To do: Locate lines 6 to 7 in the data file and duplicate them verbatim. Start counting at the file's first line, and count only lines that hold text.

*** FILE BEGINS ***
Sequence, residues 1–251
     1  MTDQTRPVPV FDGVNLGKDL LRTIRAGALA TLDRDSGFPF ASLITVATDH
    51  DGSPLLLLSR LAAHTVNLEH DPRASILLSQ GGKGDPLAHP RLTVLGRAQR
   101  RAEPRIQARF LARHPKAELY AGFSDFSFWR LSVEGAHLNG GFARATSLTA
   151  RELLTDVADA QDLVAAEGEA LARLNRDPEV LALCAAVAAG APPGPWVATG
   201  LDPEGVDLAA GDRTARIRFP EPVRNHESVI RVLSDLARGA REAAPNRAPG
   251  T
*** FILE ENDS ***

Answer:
   201  LDPEGVDLAA GDRTARIRFP EPVRNHESVI RVLSDLARGA REAAPNRAPG
   251  T